Whether documenting archaeological research of middle-eastern desert landscapes, transcribing internet pornography and televised blood-sports, notating various philosophical and religious lectures, collaging narratives of exile, performing erasures of fundamental religious propaganda, or “inter-translating” classical Jewish and Islamic religious poetry, the project employs a wide range of approaches in order to also investigate polarity at the level of genre, oscillating between poetic and prosaic utterance. In doing so ORIENT sustains a diverse poetic field made up of competing ideological perspectives, formal experimentations, and incongruent types of speech. Orchestrating the potential volatility of these vocabularies into song, the work moves in the direction of a singular, co-created utterance, a highly particular, yet polyphonic space. This utterance, vibrant and violent and diverse, defines the open community of the book itself, a democratically inclusive commons that the speakers must struggle to re-imagine and interpret despite the deep divides that threaten to tear the work apart. However, the idealized space the poem produces appears improbable beyond the page. The speakers are aware of this. The world, it seems, exists upon the brink of deep emergency.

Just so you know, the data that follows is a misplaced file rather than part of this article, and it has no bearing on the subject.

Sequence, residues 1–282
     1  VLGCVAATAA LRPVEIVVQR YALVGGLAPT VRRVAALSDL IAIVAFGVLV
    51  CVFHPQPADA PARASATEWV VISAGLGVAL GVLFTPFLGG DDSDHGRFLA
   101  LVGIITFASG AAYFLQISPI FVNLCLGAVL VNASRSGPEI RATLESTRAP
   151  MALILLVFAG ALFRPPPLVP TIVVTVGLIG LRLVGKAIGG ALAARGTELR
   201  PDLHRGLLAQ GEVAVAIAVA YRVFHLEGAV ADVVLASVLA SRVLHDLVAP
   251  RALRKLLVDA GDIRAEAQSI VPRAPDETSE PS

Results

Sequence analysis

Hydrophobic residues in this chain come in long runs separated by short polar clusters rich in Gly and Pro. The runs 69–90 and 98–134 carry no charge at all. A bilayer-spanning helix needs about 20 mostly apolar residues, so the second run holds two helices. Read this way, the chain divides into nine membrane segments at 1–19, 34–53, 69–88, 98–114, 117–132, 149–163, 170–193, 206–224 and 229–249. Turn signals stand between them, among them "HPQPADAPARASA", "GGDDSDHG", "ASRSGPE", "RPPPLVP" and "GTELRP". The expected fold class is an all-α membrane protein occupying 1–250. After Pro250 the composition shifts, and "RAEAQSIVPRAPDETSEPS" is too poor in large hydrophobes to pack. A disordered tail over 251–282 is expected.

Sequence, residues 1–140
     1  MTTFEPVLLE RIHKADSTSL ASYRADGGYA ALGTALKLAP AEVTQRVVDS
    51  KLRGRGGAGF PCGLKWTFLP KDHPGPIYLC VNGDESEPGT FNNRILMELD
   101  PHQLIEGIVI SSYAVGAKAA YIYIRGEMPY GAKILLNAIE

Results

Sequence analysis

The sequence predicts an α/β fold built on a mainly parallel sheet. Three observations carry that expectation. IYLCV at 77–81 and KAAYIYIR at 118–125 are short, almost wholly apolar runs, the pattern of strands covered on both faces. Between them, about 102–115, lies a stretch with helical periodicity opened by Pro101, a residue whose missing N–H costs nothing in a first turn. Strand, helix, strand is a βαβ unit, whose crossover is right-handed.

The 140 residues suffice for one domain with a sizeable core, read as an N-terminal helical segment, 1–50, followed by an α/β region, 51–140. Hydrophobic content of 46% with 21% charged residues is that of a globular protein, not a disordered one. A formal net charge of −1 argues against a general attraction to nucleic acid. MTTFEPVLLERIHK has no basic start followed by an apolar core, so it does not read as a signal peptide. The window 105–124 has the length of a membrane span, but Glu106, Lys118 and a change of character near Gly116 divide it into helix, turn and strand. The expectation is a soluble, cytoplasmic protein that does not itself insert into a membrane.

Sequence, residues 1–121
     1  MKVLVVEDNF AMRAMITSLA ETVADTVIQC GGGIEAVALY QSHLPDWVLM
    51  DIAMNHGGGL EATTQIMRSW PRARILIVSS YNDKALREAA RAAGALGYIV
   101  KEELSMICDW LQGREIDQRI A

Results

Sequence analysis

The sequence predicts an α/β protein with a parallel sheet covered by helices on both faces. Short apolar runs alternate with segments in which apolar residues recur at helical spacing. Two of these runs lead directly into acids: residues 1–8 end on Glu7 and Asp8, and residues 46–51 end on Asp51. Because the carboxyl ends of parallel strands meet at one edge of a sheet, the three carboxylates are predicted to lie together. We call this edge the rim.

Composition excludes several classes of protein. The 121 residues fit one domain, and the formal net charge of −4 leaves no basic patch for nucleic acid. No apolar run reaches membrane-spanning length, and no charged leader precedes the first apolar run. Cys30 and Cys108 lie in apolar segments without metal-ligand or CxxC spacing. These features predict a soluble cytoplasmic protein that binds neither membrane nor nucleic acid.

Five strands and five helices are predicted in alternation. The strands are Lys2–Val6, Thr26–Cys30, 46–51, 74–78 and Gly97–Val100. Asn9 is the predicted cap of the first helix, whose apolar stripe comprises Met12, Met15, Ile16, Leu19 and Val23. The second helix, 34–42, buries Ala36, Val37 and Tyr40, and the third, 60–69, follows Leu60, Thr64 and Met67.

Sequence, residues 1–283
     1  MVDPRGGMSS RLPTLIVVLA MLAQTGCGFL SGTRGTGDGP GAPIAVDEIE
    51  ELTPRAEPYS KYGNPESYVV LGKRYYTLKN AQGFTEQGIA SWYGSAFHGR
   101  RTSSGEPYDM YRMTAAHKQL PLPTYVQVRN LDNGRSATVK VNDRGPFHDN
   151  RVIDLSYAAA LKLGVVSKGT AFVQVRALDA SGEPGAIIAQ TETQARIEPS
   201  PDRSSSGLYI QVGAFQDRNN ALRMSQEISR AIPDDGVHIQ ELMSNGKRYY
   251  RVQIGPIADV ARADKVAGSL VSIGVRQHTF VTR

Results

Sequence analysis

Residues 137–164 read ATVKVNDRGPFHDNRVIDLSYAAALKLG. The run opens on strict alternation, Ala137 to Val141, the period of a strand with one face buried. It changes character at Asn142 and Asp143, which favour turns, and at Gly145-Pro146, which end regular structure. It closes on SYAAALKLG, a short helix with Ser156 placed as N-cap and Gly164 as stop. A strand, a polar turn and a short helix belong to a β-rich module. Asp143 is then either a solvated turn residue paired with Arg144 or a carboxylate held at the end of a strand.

Responding to this emergency, ORIENT takes as a parallel concern the extent to which a book of poems can ethically and effectively engage these forces in the space it assays to open. This uncertainty is central to my thinking as a poet, an apprehension, ultimately, about the limits of art itself. In this way the dissertation remains highly skeptical about its medium and the problematically appropriative nature of its approach. More specifically, the prevailing skepticism throughout the work exists primarily as an ethical concern regarding the potential colonial implications of appropriation as an aesthetic act. And yet, by inhabiting these socially constructed notions of difference directly and bringing the language of the supposed “other” into its own vocabulary, ORIENT expands its limitations as an aesthetic object by refusing to speak with either a single, static voice or from a single, static space. Doing this, the book challenges the more imperial aspects of the lyric “I” and progressively differentiates its center, approaching an increasingly empathic, outwardly oriented consciousness. This, in “the east,” in the Thai Theravada tradition, is called “karuna,” a de-centered state of radical compassion that tunes its focus beyond the borders of the individual, an act of attention akin perhaps to the consciousness that Levinas, in “the west,” refers to as “the urgency of a destination leading to the Other” (48).